- special appropriations which have a dollar limit specified in the relevant Act.
- Subsections 27(4) and (5) of the PGPA Rule provide for the retention of repayment receipts relating to a limited appropriation. The effect of these subsections is to re-credit an appropriation with the repayment. Some examples of when this could occur include:
- a NCE has overpaid a supplier of goods and services, and that person repays the excess amount;
- a NCE has made a grant payment, of which some has been returned by the recipients in accordance with the grant agreement;
- a NCE has made a payment mistake, such as payment to the wrong recipient, double-paying, or paying at the wrong time, and the recipients return the amounts paid in error.
- The appropriation which is increased is the one from which the original payment was made, for example:
- if a NCE paid an amount using its most recent departmental item, the repayment is credited to that departmental item; or
- if the NCE paid an amount using a departmental item in a previous Appropriation Act, an administered item in an Appropriation Act, a special appropriation limited in amount, or a special account, then the repayment received may be credited to the appropriation used, but only if that original appropriation still remains in force.
- If an appropriation has ceased, then it cannot be increased and related repayments must be remitted to the OPA as administered receipts, noting:
- annual Appropriation Acts cease after three years;
- special accounts established by legislative instruments (determinations) cease after 10 years; and
- if the appropriation is increased, the amount cannot be spent without policy approval from government to adjust expenditure estimates.
- If a payment is made from a special appropriation which is not limited in amount (i.e. an unlimited special appropriation) then all related repayment receipts are to be remitted to the OPA as administered receipts. There is no need for an unlimited special appropriation to retain repayments, as its spending limits and expenditure estimates can always be increased at any time (consistent with the appropriate policy approval processes).
- In accounting terms, not all receipts are extra revenue. In addition, depending on when the repayment is received (i.e. within the same financial year or in a subsequent year), the repayment may be accounted for differently. For further information on reporting and accounting for repayments, see the FRR and RMG-125 – Commonwealth Entities Financial Statements Guide.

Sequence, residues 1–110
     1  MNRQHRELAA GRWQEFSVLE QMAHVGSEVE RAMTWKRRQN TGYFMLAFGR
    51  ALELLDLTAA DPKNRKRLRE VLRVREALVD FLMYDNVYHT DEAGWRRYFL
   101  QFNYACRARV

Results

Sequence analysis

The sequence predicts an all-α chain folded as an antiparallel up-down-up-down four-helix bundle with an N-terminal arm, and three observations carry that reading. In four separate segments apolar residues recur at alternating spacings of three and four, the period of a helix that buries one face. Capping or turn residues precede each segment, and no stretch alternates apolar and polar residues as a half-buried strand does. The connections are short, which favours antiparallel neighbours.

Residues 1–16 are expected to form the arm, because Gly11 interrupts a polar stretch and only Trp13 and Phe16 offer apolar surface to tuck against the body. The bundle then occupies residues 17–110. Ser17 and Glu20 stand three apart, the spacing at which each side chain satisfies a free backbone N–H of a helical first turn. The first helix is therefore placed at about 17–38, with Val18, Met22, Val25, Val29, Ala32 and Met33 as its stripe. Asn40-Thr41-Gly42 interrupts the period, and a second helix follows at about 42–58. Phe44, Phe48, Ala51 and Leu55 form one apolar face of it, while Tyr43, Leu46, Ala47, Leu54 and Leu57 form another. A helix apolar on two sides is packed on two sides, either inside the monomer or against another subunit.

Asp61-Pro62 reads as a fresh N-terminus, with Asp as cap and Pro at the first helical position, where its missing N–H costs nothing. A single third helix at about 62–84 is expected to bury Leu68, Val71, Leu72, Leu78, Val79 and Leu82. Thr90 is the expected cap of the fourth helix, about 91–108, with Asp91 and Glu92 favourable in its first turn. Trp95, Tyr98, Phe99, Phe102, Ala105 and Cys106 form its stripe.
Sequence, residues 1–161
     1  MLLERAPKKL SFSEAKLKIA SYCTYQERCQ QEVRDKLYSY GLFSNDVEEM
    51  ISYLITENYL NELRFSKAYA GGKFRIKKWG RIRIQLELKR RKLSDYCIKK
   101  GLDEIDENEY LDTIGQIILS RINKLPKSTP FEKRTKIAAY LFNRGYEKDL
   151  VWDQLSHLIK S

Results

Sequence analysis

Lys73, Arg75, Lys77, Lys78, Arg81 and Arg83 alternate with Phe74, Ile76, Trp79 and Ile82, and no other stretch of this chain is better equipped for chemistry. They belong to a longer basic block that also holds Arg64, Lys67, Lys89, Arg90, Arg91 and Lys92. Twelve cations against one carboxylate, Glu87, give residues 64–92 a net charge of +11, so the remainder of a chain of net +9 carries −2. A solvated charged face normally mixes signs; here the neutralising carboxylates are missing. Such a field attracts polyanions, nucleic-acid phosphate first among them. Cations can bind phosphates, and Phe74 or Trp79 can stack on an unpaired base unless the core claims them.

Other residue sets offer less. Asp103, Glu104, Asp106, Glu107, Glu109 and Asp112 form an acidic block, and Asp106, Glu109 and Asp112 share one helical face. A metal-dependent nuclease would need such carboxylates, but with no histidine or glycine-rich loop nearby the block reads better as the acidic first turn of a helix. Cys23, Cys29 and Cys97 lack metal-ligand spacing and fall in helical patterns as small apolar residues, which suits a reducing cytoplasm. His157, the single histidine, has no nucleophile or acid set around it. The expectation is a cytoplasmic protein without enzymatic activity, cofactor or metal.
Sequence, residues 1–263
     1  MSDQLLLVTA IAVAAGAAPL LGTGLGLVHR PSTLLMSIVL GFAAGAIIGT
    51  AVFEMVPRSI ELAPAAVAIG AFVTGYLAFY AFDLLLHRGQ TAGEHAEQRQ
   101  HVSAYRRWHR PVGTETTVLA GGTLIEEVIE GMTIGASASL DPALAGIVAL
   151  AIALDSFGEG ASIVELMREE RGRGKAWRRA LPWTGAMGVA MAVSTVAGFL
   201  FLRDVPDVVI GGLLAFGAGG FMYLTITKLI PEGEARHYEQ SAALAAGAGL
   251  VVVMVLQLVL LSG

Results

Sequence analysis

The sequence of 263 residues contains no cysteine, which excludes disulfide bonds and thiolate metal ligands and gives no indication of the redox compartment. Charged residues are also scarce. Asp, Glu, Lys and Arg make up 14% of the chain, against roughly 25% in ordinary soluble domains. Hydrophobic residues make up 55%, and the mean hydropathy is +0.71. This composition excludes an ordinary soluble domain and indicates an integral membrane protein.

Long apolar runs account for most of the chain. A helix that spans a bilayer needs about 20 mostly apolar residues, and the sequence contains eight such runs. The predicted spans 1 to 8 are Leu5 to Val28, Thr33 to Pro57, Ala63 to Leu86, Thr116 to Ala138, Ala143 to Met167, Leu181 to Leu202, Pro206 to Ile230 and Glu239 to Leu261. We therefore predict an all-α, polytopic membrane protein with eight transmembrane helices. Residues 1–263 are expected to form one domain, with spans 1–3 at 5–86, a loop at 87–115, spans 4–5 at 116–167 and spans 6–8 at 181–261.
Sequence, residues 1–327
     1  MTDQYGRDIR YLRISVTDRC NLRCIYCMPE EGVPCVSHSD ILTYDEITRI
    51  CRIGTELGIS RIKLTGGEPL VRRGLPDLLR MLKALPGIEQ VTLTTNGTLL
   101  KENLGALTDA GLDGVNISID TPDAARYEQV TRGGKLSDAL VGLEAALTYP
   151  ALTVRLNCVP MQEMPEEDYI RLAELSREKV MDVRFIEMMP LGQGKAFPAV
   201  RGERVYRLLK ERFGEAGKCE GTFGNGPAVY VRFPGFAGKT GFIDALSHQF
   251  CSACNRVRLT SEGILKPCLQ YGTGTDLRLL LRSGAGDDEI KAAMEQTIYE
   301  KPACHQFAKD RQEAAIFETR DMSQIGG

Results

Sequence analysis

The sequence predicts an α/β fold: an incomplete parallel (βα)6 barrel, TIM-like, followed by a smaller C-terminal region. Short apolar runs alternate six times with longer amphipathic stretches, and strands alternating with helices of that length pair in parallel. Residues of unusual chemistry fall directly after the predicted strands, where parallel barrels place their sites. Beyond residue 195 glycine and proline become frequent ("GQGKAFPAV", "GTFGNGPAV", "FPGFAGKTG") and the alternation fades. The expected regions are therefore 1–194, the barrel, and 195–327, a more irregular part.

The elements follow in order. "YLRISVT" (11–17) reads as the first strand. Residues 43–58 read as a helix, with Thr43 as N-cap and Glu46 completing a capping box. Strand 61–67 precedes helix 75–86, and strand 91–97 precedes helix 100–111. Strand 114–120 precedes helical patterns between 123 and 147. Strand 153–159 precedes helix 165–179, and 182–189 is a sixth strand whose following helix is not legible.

Transferring cash collected
- Cash received that comprises retainable receipts must be transferred from a NCE’s bank account to the OPA. In the Cash Management module of CBMS:
- transactions related to retainable receipts are recorded using the identifier ‘Appropriation Receipts (s74)’.
- transactions related to repayments receipts are recorded using the identifier ‘Appropriation Repayments’.
- transactions related to the subsequent expenditure of retainable receipts or repayment receipts are recorded using the identifier ‘Drawdown’. This reflects an amount of cash being transferred from the OPA group of accounts to one of the NCE’s bank accounts.
- Transactions to reflect receipts will increase the available amounts of cash against the relevant appropriation balance in CBMS. When a NCE requires cash to make payments, it submits a drawdown request in CBMS, to receive the money back from the OPA.
- If another NCE, a CCE, a Commonwealth company, or other party, acts as an agent and collects receipts on behalf of a NCE, the NCE will remain accountable for and be required to report the receipts, either as retainable receipts if departmental in nature, or as administered receipts if administered in nature. The other party will also need to report amounts received and paid on behalf of the NCE.
- Amounts received and credited to a special account are not retainable receipts and cannot be recorded as retainable receipts. Instead, these are recorded as increases to the balance of the special account.
Disclosure for retainable receipts
- Retainable receipts must be reported in the following annual publications:
- Portfolio Budget Statement (PBS), which are prepared by NCEs;
- Budget Paper 4 (BP4), Agency Resourcing Table, which is prepared by Finance;
- financial statements, prepared by NCEs in their annual reports.
- Retainable receipts also form part of the figures published in the Final Budget Outcome and the Consolidated Financial Statements, prepared by Finance on an annual basis.
- The reports described in (a) and (b) above are derived from CBMS, so it is essential for the figures entered in CBMS to be accurate.